Posted: September 1, 2013
Check out the three engines that are powering the bulk of the jet-boat industry’s latest models.Jet boats are white hot. The National Marine Manufacturers Association (NMMA) revealed that jet-boat sales were up an astonishing 36.4 percent in 2012. Ironically, in September 2012, Bombardier Recreational Products announced it was pulling out of the jet-boat business to concentrate on its more-profitable core products such as its state-of-the-art personal watercraft. That void has sparked a resurgence in the number of manufacturers jumping into the jet-boat business, such as Sea Ray, Chaparral, Scarab and Glastron. Coincidence, perhaps. The last three will be using Rotax 4-TEC 1503 engines that BRP is making available to other companies now that it is out of the boat business. The Sea Ray Jet models are using a German-built Weber 850cc engine, while Yamaha, the undisputed jet-boat leader, is using its own FX HO/SHO 1.8L engine on most of its boats. Let’s take a look under the hood and see what’s happening down there.
Weber MPE 850
Weber is the “new” kid on the jet-boat engine block, but it has been building marine engines since 2003 and is powering Sea Ray’s Jet 21 and Jet 24. It is a well-established name in the automotive world, having built components for companies such as BMW, VW, Audi, Ford and Chrysler since 1969. The new MPE 850 being used on the new Sea Rays is a modified version of the venerable 750, building on the reliability it has shown over the past decade.
There are two huge differences between this engine and the others: its small 850cc displacement (0.85 liters) and its light weight (198 pounds for the 120 hp version). Plus, it is turbocharged rather than supercharged like the high-performance versions of the Sea-Doo Rotax and Yamaha engines. Weber uses a twin parallel-cylinder design similar to certain high-performance motorcycles such as the Kawasaki Ninja 250. For cooling, it uses a closed-loop system and is lubricated using a dry-sump oil system. Turbochargers power a compressor from its exhaust gases, which historically produces throttle “lag,” because the engine has to spool up first before producing enough exhaust pressure to spin the compressor fan. But by using performance features such as an intercooler along with Map-based (software-controlled) multipoint fuel injection, which also automatically compensates for altitude, the Weber has no discernible lag when you jam the throttle, although its power is slower to build than on supercharged models.
We tested the 120 hp version of the Weber 850 in a twin-engine configuration on Sea Ray’s new Jet 21, a 21-foot, 6-inch, 2,883-pound bowrider-style boat with a deep-V hull that sports 21 degrees of deadrise. When you jam the single-lever throttle, the power comes on very smoothly, which is a good thing for pulling skiers, and it reached plane in 3.3 seconds. Its time to 30 mph was 6.5 seconds, and the Jet 21 reached a top speed of 47 mph. There’s also a 155 hp version of the Weber, which Sea Ray uses on its 24-footer, also in a twin-engine configuration, that’s even faster.
BRP Rotax 4-TEC 1503
The 1.5L Rotax 4-TEC 1503 is the momma bear of this trio in displacement. It’s an in-line, three-cylinder engine that uses 12 valves and a drive-by-wire system. It comes in two configurations: 215 hp and 260 hp. Both are supercharged and intercooled; the main differences in the higher horsepower incarnation are the more potent supercharger and the external intercooler. Superchargers make power more quickly than their turbocharger brethren because the turbine is powered by a direct-drive system, so as soon as you jam the throttle, it’s producing boost. Like all charged-air systems, the idea is to jam more air into the combustion chamber, so a corresponding increase of fuel can be added. The 260 hp version prefers premium fuel, but its ECU computer brain will adjust if regular gas is the only kind available, while regular is the preferred fuel for the 215 hp model.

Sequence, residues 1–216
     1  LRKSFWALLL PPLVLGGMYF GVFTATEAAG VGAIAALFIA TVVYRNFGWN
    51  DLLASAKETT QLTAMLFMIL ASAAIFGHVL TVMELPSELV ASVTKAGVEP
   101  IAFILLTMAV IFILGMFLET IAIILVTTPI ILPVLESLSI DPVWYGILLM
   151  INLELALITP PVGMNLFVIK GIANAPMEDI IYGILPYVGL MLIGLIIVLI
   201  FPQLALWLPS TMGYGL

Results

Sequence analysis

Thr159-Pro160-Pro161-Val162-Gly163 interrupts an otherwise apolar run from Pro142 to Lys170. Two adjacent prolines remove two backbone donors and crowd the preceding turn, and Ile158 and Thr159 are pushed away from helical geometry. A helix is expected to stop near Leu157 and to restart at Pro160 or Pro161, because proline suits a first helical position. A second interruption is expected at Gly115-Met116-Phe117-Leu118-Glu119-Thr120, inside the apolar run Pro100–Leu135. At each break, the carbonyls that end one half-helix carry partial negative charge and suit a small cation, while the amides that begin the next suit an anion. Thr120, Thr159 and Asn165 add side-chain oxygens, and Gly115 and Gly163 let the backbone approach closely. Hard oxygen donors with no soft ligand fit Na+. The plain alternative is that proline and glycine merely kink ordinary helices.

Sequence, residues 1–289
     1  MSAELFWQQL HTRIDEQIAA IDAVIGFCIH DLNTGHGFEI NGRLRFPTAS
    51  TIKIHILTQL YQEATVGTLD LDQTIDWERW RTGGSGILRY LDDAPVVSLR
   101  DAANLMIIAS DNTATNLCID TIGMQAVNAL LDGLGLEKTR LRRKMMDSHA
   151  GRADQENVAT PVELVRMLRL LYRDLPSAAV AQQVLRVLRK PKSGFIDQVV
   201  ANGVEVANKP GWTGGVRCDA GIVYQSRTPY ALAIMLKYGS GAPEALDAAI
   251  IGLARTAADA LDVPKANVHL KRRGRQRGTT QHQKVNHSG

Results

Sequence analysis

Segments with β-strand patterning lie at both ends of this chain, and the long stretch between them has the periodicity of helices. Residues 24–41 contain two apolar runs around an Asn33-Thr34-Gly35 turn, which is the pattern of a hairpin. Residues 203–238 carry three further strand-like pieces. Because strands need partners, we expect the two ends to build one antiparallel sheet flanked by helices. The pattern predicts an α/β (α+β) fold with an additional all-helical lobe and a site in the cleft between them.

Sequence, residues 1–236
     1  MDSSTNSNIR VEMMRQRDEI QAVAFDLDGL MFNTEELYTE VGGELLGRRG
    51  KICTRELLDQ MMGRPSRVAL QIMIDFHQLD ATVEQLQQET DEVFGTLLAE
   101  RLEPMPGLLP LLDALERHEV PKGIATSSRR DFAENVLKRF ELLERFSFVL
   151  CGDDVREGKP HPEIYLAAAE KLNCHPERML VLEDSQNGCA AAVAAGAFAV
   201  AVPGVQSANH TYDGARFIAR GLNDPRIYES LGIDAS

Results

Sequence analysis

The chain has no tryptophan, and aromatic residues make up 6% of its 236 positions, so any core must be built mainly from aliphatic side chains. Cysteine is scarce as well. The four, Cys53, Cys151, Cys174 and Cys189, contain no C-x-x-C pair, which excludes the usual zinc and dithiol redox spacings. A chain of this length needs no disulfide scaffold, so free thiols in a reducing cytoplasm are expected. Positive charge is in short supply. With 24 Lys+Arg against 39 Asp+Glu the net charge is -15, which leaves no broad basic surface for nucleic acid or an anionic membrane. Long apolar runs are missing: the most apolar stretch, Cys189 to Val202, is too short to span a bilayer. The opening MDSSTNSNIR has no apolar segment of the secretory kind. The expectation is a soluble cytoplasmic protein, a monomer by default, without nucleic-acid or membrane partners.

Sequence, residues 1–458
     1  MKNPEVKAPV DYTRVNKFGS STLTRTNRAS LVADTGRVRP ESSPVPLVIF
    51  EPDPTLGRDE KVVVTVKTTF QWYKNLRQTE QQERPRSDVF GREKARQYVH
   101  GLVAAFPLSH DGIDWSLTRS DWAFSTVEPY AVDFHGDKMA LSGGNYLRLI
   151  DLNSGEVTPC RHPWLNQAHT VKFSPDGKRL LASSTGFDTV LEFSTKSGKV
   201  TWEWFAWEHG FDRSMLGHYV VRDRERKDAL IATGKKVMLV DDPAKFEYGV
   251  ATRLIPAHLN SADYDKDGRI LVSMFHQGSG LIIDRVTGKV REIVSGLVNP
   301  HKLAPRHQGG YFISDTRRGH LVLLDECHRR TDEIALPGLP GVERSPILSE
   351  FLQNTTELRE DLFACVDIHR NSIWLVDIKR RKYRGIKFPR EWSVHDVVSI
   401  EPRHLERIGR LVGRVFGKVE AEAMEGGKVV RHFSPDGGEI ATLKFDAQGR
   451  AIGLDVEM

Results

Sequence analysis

Boating World has tested both variants of this engine on many different platforms, including the Sea-Doo GTR 215 personal watercraft, whose review can be found on page 32 of this issue. Since Glastron, Scarab and Chaparral haven’t yet given the media boats to test, our performance comparison is based on one of the most recent models before BRP discontinued building boats. The 210 Challenger SE is a 3,100-pound boat that sports twin 215 hp Rotax 1503 engines, which give it tremendous performance. On plane in just 2.3 seconds, it streaked to 30 mph in 4.3 seconds with a top speed of 54 mph.
Yamaha FX HO/SHO
Yamaha’s newest engine features the largest displacement in the jet-boat and PWC industry. The goal of this engine is to make power as effortlessly as possible for the greatest possible reliability. It’s an in-line four-cylinder engine that features a dual overhead cam design and 16 valves. One of its unique features is the coil-in-plug design that delivers a hotter spark for more complete combustion. While Yamaha doesn’t officially release its horsepower ratings on these engines, the supercharged SHO model is guesstimated to produce around 210 hp, while the normally aspirated (nonsupercharged) HO version cranks out around 180 hp. In other words, they aren’t even breaking a sweat. It also uses a drive-by-wire throttle, which allows it to include features such as Cruise Assist and No-Wake mode. Both run on regular gas.
Our most recent test was on the SX192, a single-engine, 19-foot, 2-inch sportboat with 19 degrees of deadrise that weighs 2,150 pounds. It was powered by a single SHO Yamaha that proved to be more than enough power. It reached plane in 2.4 seconds and hit 30 mph in 5.3 seconds, with a top speed of 49 mph. The larger 212 model — 21 feet, 3 inches long and 3,060 pounds — powered by a pair of the lower-horsepower HO engines, reached plane in 2.5 seconds, hit 30 mph in only 4 seconds and topped out at 56 mph.